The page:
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Why Are Some Coffee Beans Oily? A Strange Phenomenon

Why are some coffee beans oily? The shine on your beans has a story to tell about taste, body, and aroma.

why are some coffee beans oily

Expert Consulted: Carl. Utilizing my 6 years of experience in the coffee industry, I’m able to provide accurate and concise information, helping you make informed choices about beans, brewing methods, and equipment, thereby elevating your coffee experience. In this article, I’ll share my knowledge and experience to help you answer the question: Why are some coffee beans oily?

If you’re here, you probably purchased some coffee beans and upon opening them you noticed a strange appearance.

They might have appeared oily or even wet. But don’t worry, they are perfectly fine and I’m going to guide you through all the information you need to understand what it is and why it happens.

So, why are some coffee beans oily?

When roasting a coffee bean, you are breaking down the cell structure of the bean, which in turn releases CO2. The oily appearance we sometimes see comes from a chemical reaction caused by the CO2 coming in contact with oxygen. This is more common in dark roasts due to the longer roast time and more fragile shell.

That’s just the quick answer, but there is so much more to this. Please keep reading to find out all about beans and why their appearances are the way they are.

Why Are Some Coffee Beans Oily? Does The Roast Level Matter?

Yep, the roast level definitely matters. A lightly roasted bean has a much stronger shell which means it will keep its flavors and matte finish for longer.

However, no matter the roast level, if you leave your beans out for too long they will start being oily from all the oxygen getting to them

Whereas a darker roast is more prone to oil seeping out and it may lose its flavor faster than a lighter roasted bean. I should mention that a properly roasted dark roast bean will not begin seeping oil until a few weeks have passed.

The darker the roast, the more likely it is to have oil on it at an earlier point in time.

Medium roasts tend to be somewhere in the middle, as they’re not roasted as long as dark roasts they’ll keep that natural matte-looking finish and those tasty flavors for longer.

It’s worth mentioning medium roasts still won’t stay fresh for the extensive time that light roasts do.

Why Are Some Coffee Beans Oily? The Science Behind Oily Beans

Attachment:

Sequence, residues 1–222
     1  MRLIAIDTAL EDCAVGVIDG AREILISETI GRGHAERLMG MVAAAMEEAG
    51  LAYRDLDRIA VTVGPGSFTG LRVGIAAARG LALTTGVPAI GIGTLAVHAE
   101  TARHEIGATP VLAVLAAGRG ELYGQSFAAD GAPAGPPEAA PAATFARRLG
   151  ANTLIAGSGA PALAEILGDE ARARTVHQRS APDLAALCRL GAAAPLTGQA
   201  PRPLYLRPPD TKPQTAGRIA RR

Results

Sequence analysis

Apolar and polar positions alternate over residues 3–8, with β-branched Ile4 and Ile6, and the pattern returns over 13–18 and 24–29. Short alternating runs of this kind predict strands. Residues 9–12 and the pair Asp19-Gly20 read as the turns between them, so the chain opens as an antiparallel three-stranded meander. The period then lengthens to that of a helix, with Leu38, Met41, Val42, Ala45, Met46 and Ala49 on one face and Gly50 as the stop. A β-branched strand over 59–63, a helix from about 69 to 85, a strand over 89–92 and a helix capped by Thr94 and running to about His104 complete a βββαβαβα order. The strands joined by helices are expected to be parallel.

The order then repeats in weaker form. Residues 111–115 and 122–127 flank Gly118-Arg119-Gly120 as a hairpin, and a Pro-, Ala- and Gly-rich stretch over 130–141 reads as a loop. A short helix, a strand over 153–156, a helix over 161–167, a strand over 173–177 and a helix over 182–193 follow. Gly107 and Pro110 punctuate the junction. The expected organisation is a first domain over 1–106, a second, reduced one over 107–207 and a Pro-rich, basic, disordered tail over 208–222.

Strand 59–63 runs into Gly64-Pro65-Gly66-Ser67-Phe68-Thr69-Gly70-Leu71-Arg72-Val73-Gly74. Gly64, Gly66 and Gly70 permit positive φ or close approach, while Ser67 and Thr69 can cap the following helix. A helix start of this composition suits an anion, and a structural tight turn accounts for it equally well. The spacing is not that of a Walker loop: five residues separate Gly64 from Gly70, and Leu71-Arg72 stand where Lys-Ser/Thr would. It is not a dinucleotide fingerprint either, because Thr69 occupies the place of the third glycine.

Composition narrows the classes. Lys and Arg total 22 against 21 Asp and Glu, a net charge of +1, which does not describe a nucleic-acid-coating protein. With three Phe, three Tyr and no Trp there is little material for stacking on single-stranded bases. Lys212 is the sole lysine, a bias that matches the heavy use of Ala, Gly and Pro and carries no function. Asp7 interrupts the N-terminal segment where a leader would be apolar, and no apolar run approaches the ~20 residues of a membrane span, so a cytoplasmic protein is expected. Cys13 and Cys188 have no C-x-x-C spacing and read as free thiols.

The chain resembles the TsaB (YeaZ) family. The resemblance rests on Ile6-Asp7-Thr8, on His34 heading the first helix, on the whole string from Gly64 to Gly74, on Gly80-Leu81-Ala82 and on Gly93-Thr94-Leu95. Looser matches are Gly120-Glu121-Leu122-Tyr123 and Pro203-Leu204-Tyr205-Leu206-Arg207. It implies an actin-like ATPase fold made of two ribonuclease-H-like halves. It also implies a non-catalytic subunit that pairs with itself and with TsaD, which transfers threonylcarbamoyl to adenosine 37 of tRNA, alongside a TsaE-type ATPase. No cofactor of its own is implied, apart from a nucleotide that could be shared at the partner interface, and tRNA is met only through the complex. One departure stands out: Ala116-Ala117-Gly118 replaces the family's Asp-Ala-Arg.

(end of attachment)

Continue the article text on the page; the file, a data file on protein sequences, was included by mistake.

Why are some coffee beans oily? the science behind oily beans: why are some coffee beans oily

As I glossed over in my quick answer at the beginning of this article, for coffee beans to get oily, some chemical reactions need to take place inside the bean caused by extreme heat.

During the roasting process, the beans are exposed to extreme heat, which causes them to expand and, at some point, crack.

This cracking (known to roasters as the first crack) releases moisture and CO2 that has built up, allowing for the delicious flavor compounds to escape the cellular structure when brewing your coffee, and also allowing some naturally occurring oils to come out.

When dealing with dark and extra-dark roasts, they continue to tumble and roast in high temperatures, expanding further while experiencing more chemical and browning reactions.

This leads to what roasters call the “second crack”, where the cell walls of the bean start to break down, releasing gases and oils that were trapped inside. This also produces a much more intense popping sound, causing the bean to expand more than the first crack.

The second crack tends to be when the roaster decides to finish the roast, as they should have reached their desired bean profile.

As the bean reaches higher and higher temperatures, the acidity will be lower and the coffee will start to lose those bright and fruity flavors.

Light roasts are where this is most evident, as they are typically stopped before the second crack, meaning they maintain that acidic and bright flavor profile you know and love.

On the other hand, darker roasts are typically stopped during or after the second crack, giving them a much lower acidity and a more intense, full-bodied flavor.

Does The Oil Affect The Flavor?

does the oil affect the flavor: why are some coffee beans oily

One issue you’ll face with oily beans is oxidation. When exposed for too long, the oxygen will come in contact with the oils on the surface of the bean and oxidize the lipids which can not only cause an unpleasant smell but also ruin the taste of the beans. (Source)

Beans with oil on the surface are more prone to staling. This is why darker roasts should be consumed earlier than light roasts, to avoid stale beans.


Does the roast level matter?

Yes, a lighter roast is less likely to have oil on it than a dark roast. This is because of the longer roasting time of dark roasts.

However, leaving any bean out for too long will cause oil to accumulate due to the oxygen the bean was exposed to.

Coffee beans become oily because of chemical reactions taking place during and after the roast process.

This reaction is CO2 coming in contact with oxygen, which in turn may cause oil to rise to the bean’s surface.

The oil itself doesn’t necessarily affect the taste of the coffee, but, if oil is present that could mean the bean is getting or already is stale.

I hope this answers the question: why are some coffee beans oily?

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